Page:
We now are faced with a prospect of the first $1 trillion weapons system in history, which it certainly was not originally designed to be.
As it turned out, the amendment did not go forward as a result of a tie vote in committee. An alternative provision offered by Chairman Levin will instead require that the fifth lot of early production F-35 aircraft be procured under a fixed-price contract and that Lockheed Martin bear the entire responsibility for any cost overrun other than certain limited costs needed to make specific changes that the government requests. Because I feel it is essential to use fix-price contracts for large Pentagon weapons programs, I supported the chairman's amendment during the markup and I support it now.
Today, as we speak, the Pentagon is negotiating with Lockheed Martin on who will bear the cost of changes to the design and manufacturing of the aircraft that could come down the road as a result of thousands of hours of flight testing that lie ahead. In this sense, the excessive overlap between development and production that is called
concurrency is now coming home to roost. The Defense Department quite rightly says it will not sign any contract for the next lot until Lockheed Martin agrees to pay a reasonable share of these concurrency costs, and Lockheed Martin doesn't want to bear the risk of new discoveries.
Let me be clear. I strongly support the Department of Defense position. I think it reflects exactly the congressional view reflected in our markup. As we agree to buy more early production jets while most of the development testing has yet to be done, Lockheed Martin must be held increasingly accountable for cost overruns that come as a result of wringing out necessary changes in the design and manufacturing process for this incredibly expensive aircraft.
How does this legislation affect pending negotiations? It means on the next production lot, Congress expects the Department to negotiate a fixed-price contract that requires Lockheed Martin to assume an increased share of any cost overruns. It requires a ceiling price for that lot that is lower than the previous contract for the last lot purchased. It ensures a shared responsibility for reasonable concurrency cost increases.
In other words, the deal we negotiate on this next production lot must be at least as good, if not better, than the deal we negotiated under the previous one. Otherwise, we are moving in the wrong direction and it will only be a matter of time before the American people and the U.S. Congress lose faith in the F-35 Program, which is already the most expensive weapons program in the history of this country.
I look forward to having the opportunity to address this and other significant national security policies related to detainee policies, cyber operations, Iranian aggression, Pakistan, acquisition reform, and the way we buy space programs and launch services, further limiting the use of fixed-price contracts for procurement, reducing the cost of military health care, counterfeit parts, and the future of our military in the face of major budget reductions.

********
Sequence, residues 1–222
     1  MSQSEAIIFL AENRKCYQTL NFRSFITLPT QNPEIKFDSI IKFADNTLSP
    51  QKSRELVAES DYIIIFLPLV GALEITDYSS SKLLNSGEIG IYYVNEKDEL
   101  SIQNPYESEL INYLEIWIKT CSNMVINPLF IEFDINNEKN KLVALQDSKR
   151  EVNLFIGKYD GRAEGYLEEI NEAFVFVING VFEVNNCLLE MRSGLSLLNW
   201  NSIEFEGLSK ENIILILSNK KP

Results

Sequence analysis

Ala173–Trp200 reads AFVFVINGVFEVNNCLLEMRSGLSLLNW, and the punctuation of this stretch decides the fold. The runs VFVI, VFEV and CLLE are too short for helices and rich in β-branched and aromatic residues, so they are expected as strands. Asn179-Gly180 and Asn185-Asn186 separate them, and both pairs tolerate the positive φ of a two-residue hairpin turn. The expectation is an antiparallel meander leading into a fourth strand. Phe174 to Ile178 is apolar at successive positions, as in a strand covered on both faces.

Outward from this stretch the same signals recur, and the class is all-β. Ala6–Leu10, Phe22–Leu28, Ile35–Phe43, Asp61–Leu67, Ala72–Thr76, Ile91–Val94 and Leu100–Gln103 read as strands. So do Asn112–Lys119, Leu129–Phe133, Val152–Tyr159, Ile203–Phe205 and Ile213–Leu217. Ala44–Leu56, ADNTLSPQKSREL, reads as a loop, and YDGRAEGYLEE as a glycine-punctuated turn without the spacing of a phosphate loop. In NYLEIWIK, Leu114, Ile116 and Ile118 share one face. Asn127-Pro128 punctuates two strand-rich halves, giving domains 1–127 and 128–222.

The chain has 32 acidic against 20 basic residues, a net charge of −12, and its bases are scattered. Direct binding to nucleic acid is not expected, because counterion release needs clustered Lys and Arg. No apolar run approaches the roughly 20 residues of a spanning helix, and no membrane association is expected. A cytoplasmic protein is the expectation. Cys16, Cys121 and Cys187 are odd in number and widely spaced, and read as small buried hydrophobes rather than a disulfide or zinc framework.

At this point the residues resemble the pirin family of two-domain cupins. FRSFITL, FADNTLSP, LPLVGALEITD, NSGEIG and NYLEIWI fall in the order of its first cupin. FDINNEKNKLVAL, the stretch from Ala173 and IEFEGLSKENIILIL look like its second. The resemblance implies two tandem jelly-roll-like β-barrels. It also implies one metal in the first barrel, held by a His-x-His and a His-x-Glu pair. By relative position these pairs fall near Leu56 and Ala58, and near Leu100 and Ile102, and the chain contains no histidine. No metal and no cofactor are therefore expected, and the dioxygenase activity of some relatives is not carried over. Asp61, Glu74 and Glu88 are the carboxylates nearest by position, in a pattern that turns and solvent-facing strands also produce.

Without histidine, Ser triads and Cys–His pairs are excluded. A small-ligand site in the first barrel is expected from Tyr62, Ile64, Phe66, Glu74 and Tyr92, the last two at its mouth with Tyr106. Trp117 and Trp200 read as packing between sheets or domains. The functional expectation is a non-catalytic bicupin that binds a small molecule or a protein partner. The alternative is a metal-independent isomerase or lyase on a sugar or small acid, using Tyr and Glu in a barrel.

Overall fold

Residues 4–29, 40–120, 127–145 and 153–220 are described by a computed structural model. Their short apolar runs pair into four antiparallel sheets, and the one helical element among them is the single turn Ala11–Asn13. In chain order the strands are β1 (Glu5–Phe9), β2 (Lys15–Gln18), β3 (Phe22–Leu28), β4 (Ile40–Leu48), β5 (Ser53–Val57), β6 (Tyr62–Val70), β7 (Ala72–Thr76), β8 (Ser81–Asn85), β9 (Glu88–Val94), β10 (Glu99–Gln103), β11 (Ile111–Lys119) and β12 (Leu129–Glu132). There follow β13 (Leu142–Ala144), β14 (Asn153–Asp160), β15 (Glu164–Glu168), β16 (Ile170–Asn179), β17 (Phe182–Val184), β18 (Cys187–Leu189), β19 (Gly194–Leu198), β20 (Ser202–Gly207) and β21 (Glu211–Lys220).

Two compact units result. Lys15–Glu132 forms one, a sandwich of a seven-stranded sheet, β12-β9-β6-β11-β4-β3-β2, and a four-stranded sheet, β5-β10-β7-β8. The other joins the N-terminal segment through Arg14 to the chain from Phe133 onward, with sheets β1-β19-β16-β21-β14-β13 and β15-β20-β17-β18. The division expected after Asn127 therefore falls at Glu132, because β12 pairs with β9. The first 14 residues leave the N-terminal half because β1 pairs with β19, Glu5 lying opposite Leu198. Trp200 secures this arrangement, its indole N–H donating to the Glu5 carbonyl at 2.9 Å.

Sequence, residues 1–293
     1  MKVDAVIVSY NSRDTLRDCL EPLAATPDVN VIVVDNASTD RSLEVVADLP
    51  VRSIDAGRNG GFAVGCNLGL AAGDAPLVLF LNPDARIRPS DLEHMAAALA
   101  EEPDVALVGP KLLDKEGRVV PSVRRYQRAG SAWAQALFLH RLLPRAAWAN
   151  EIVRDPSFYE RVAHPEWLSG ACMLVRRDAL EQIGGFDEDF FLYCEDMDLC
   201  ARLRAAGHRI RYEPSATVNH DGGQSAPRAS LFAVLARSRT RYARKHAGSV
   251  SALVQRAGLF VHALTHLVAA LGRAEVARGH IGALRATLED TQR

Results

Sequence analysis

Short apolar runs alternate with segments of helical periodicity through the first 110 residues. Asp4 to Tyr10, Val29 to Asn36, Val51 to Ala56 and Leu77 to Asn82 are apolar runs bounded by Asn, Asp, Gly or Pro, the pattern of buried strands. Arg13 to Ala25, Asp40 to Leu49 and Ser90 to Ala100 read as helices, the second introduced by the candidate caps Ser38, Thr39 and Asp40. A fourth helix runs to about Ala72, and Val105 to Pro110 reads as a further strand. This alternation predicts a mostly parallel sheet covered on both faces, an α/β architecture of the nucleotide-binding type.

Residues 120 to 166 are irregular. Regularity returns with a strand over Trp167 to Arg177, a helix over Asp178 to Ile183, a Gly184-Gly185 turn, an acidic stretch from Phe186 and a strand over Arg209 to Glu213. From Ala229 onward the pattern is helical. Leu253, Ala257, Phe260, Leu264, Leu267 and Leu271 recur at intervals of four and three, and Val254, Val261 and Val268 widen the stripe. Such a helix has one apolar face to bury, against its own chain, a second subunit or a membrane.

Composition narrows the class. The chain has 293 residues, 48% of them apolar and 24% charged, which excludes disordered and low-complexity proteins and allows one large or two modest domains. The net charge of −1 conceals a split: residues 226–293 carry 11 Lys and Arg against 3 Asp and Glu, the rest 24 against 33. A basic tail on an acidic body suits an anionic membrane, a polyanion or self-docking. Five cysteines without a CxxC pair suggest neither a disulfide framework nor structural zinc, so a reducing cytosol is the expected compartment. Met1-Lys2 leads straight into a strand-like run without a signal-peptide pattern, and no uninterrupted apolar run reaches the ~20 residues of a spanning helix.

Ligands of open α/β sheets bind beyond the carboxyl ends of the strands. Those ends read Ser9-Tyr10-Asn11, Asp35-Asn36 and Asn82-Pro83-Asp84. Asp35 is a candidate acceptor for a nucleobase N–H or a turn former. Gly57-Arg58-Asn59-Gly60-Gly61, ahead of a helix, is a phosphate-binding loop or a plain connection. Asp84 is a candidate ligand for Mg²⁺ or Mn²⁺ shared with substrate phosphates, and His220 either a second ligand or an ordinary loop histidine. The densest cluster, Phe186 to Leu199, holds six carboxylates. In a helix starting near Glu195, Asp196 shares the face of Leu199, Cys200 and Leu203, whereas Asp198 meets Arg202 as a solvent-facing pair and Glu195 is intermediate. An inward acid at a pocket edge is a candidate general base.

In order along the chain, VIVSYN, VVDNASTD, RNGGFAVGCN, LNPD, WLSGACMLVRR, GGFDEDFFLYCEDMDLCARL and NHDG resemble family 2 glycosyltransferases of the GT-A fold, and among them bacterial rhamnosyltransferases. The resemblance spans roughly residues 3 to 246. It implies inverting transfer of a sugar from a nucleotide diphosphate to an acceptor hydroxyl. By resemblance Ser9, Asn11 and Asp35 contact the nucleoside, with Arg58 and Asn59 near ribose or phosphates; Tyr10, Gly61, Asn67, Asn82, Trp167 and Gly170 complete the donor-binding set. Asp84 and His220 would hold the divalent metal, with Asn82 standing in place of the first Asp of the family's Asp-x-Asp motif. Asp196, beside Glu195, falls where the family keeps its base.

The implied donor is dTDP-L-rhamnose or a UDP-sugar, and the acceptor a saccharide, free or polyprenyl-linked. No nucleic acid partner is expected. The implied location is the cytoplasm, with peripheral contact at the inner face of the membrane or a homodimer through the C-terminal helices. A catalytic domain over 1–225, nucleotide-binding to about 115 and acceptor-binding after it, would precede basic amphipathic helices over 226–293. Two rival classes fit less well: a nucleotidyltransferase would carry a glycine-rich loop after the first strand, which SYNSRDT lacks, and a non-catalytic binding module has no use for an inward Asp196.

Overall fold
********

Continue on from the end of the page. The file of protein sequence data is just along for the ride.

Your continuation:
On the issue of counterfeit parts, I commend the initiative of the chairman to address this critical issue. The proliferation of counterfeit parts threatens the safety of our men and women in uniform, our national security, and our economy. We cannot risk a ballistic missile interceptor missing its target or a helicopter pilot unable to fire his or her weapons or display units failing in aircraft cockpits or any other system failure, all because of a counterfeit electronic part. Nor can we keep affording the hundreds of thousands, even millions, of dollars to fix the systems they penetrate.
Our committee has been conducting an investigation for the past year, and we will have an amendment--there is one already pending--as a result of this outstanding work.
I also plan to offer amendments that will start us on the course of an updated plan for U.S. military forces in the Pacific theater. The current plan to move 8,700 marines, 9,000 family members from their current bases on Okinawa to Guam is now estimated to require spending between $18 and $23 billion on Guam to build up its capabilities as a permanent base. This is an increase of well over $10 billion from the original estimate. I believe the pricetag will continue to rise. As a result, I, along with Chairman Levin and Senator Webb and other colleagues, view this program as unworkable, unaffordable, and an unnecessary strain on the relations between our government and the Government of Japan. Recognizing this strain, both the Armed Services Committee and the Military Construction and Veterans Affairs' Committee of the Appropriations Committee have stopped funding Guam military construction projects until the Department of Defense provides a master plan and considers alternatives that may provide the needed Marine forward presence at much less expense.